Necropsies of beached toothed whales show that older animals have brain changes similar to those seen in humans with Alzheimer's disease.
A study of 22 toothed whales which died in strandings along the Scottish coast shows that some of them exhibited hallmarks of Alzheimer’s disease, and this might have—at least in part—caused the stranding incident.
The dolphin species involved in the study were five species: Risso’s dolphins, long-finned pilot whales, white-beaked dolphins, harbour porpoises and bottlenose dolphins.
As part of the study, researchers examined the animals’ brains for the presence of brain pathology that were hallmarks of Alzheimer’s disease, like the formation of amyloid-beta plaques, the accumulation of phosphor-tau and gliosis (a change in cell numbers due to damage to the central nervous system).
According to co-author Mark Dagleish, a senior clinician in anatomic pathology from the University of Glasgow, “Critically, [it] examined the whole brains to provide lesion (abnormality) profiles using more markers of Alzheimer’s disease.”
It was found that all the aged dolphins in the study (18, out of the 22 specimens) had amyloid-beta plaques. In fact, three of them—a long-finned pilot whale, a white-beaked dolphin and a bottlenose dolphin—also had a number of other dementia-related pathologies in their brains.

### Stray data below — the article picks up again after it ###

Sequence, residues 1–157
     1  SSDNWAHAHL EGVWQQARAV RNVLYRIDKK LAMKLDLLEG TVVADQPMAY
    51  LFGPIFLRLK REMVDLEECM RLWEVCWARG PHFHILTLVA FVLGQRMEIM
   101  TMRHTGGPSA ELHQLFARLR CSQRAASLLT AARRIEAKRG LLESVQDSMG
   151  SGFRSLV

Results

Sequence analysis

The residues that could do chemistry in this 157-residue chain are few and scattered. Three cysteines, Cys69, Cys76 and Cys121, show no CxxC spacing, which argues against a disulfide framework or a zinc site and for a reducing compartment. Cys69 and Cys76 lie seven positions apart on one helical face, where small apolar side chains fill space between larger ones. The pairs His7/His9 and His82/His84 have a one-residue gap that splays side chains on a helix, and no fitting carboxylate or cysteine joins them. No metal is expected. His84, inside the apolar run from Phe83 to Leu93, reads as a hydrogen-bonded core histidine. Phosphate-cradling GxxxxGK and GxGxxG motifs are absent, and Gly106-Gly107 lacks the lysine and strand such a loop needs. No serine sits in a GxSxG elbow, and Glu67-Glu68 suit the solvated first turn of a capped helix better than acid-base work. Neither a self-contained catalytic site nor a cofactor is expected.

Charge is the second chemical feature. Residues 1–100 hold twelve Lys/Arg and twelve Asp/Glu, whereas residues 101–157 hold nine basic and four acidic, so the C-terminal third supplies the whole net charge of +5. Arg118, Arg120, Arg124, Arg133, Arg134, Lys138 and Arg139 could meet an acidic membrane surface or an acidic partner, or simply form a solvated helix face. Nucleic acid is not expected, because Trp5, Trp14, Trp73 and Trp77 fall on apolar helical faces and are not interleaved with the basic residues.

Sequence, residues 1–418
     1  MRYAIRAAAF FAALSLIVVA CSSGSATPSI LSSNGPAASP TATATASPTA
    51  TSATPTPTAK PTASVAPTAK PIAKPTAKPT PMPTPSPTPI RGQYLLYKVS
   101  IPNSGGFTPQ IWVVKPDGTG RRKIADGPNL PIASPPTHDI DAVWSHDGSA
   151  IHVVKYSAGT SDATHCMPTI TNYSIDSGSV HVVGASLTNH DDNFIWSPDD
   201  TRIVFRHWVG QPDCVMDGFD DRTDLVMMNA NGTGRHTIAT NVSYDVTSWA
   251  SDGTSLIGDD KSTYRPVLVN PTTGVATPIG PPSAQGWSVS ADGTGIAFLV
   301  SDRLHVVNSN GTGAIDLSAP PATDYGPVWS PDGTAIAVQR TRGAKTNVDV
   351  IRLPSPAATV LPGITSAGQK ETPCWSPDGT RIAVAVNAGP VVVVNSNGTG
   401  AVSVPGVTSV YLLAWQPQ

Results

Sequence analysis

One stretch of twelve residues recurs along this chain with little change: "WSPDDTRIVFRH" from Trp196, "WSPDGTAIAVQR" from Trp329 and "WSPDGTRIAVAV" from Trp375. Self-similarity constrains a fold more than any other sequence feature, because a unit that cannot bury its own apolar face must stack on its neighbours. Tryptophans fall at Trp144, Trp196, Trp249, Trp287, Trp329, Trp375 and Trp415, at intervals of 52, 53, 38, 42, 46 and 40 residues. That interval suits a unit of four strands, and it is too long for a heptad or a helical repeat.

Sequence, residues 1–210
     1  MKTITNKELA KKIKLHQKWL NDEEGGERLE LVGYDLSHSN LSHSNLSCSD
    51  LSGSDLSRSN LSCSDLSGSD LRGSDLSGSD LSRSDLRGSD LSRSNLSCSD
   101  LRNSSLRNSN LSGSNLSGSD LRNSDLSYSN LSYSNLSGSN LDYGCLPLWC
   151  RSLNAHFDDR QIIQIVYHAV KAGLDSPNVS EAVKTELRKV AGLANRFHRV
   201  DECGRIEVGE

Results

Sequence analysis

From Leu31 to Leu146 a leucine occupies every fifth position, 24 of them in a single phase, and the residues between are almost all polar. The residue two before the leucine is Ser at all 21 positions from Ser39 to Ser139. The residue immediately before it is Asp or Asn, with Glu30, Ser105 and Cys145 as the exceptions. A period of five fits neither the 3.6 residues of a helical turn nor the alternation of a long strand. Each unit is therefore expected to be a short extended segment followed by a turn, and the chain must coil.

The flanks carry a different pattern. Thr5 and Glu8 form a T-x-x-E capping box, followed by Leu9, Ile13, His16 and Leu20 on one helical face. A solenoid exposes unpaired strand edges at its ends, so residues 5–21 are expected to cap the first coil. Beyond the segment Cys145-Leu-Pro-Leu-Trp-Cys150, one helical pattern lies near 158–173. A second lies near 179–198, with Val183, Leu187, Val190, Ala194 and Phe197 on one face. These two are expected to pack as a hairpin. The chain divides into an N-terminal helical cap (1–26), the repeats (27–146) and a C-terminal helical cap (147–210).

Co-author Tara Spires-Jones, a professor at the University of Edinburgh, said that the researchers were fascinated to see that the brain changes in aged dolphins were similar to those in human ageing and Alzheimer’s disease. “Whether these pathological changes contribute to these animals stranding is an interesting and important question for future work,” she added.
Dagleish said, “These are significant findings that show, for the first time, that the brain pathology in stranded odontocetes [toothed whales] is similar to the brains of humans affected by clinical Alzheimer’s disease. While it is tempting at this stage to speculate that the presence of these brain lesions in odontocetes indicates that they may also suffer from the cognitive deficits associated with human Alzheimer’s disease, more research must be done to better understand what is happening to these animals.”
The study findings appear to support the “sick leader” theory, in which an aged leader becomes lost, disoriented or confused and subsequently leads a pod of healthy dolphins into dangerously shallow waters.